Radical Muslims have the incentive, the reasons, the desire and, yes, if they persevere with their efforts, they will also have the means as well as the opportunity to carry out a “final solution” of their own to what they refer to as the “Zionist cancer” in the Middle East. In this context we need to examine the denial of the Nazi Holocaust, which is prevalent nowadays not only in Iran but throughout the Arab world, including the Palestinian Authority, Egypt, Jordan and Saudi Arabia. A denial of this sort is the necessary preface to the planned destruction of Israel. When President Ahmadinejad said to the leaders of Hamas, Hizbullah, Islamic Jihad and other “holy warriors,” who convened in Tehran last week, that “the land of Palestine will be liberated shortly,” he did not forget to mock the “myth of the Holocaust” with which the Zionists have allegedly bribed the governments of the West for the last 60 years.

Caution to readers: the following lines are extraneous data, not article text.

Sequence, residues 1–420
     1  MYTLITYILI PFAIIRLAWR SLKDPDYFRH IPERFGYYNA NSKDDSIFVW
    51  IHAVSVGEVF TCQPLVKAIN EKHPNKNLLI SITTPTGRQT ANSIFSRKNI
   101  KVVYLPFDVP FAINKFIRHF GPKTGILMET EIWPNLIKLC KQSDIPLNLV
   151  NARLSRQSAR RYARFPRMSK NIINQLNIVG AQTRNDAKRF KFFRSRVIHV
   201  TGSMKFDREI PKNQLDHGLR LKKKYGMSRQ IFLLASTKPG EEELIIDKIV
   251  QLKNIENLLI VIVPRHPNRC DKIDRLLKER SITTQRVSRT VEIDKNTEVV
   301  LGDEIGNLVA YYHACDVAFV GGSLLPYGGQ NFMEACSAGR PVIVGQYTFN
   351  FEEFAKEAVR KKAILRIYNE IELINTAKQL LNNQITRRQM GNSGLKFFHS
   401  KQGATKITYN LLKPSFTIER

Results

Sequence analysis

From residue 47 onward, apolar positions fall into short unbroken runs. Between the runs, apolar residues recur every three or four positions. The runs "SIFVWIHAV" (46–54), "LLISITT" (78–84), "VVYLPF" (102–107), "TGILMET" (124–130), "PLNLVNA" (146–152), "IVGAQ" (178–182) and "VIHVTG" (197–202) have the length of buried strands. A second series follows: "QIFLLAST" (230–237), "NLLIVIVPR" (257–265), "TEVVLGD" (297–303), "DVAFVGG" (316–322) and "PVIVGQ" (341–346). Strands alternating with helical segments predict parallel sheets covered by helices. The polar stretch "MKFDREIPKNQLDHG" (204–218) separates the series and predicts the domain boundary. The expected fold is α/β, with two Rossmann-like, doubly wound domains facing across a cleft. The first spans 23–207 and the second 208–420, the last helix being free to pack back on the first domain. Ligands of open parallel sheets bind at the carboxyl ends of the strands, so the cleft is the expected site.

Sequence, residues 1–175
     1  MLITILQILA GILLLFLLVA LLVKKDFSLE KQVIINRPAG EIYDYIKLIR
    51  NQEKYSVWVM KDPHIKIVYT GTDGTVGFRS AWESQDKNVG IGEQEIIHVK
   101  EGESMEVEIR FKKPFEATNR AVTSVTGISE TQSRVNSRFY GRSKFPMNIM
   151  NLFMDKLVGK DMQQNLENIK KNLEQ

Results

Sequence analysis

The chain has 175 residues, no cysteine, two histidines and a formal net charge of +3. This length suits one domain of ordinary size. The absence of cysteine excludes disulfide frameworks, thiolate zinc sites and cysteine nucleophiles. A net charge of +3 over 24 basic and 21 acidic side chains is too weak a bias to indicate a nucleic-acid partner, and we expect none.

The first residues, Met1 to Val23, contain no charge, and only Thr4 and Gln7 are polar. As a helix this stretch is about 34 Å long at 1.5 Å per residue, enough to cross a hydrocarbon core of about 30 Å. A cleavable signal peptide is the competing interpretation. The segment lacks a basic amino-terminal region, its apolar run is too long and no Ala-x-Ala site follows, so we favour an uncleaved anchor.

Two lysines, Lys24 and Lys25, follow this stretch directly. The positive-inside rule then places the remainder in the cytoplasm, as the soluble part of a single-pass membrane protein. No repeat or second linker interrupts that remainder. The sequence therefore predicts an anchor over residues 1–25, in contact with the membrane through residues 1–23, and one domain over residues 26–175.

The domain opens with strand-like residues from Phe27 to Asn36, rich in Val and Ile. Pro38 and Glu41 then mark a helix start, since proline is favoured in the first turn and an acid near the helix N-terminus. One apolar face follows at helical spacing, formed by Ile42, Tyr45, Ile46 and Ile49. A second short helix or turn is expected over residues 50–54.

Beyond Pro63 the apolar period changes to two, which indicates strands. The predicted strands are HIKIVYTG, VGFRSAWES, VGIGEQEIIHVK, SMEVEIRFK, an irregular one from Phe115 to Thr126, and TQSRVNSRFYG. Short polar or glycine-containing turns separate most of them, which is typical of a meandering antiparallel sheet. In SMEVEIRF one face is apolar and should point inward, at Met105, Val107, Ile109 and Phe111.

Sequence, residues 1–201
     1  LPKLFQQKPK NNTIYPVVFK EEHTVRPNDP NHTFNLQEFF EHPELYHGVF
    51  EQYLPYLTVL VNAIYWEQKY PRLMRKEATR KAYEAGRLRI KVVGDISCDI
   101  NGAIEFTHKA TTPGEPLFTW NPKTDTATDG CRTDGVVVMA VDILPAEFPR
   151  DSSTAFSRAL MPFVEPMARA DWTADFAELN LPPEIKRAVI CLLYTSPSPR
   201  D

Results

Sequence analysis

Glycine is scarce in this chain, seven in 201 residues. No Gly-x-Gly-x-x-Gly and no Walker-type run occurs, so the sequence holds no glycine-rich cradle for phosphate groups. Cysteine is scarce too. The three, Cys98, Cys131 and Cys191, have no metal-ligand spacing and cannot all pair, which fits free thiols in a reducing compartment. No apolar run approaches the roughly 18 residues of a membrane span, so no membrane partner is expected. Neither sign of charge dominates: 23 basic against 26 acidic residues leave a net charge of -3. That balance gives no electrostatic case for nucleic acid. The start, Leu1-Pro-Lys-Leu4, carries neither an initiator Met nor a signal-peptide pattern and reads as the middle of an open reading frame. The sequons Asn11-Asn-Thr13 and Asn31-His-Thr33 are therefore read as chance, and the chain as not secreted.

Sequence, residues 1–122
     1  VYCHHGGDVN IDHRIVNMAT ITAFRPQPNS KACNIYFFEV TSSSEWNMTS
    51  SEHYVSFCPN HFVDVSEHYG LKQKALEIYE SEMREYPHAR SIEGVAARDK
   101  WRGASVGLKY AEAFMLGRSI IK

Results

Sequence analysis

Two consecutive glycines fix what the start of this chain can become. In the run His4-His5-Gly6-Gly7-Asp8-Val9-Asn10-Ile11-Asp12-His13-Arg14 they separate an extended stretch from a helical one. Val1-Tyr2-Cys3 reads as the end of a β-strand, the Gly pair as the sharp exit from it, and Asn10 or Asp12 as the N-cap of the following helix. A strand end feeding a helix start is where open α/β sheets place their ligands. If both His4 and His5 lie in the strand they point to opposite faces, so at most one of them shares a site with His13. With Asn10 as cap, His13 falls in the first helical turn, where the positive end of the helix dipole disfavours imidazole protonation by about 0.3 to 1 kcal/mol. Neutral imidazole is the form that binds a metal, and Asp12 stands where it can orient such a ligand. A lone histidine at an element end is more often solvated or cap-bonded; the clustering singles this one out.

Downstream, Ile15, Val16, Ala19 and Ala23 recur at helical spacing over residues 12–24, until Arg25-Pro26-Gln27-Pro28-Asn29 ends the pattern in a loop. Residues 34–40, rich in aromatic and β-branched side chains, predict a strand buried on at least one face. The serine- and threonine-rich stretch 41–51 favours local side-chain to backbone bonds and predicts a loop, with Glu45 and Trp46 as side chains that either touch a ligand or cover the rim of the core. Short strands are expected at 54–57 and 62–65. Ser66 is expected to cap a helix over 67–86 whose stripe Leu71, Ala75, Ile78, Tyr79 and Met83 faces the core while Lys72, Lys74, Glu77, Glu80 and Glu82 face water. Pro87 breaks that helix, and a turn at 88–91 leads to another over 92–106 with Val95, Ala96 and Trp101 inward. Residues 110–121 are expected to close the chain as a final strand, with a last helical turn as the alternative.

We ought to bear in mind that 40 years ago the Egyptian dictator, Gamal

Abdel Nasser, also denied the Zionists’ “great lie” as if 6,000,000 Jews had

been put to death, in an interview to a neo-Nazi German reporter. A short while later Nasser launched his megalomaniac initiative to destroy Israel, which had well-known, devastating results for the Arab world.

Iran’s Self-Confidence

Now, once again, Holocaust denial and anti-Semitism are linked to the policy of the government of a Middle Eastern country that is determined to wipe Israel off the face of the map in the name of “the Palestinians’ rights.”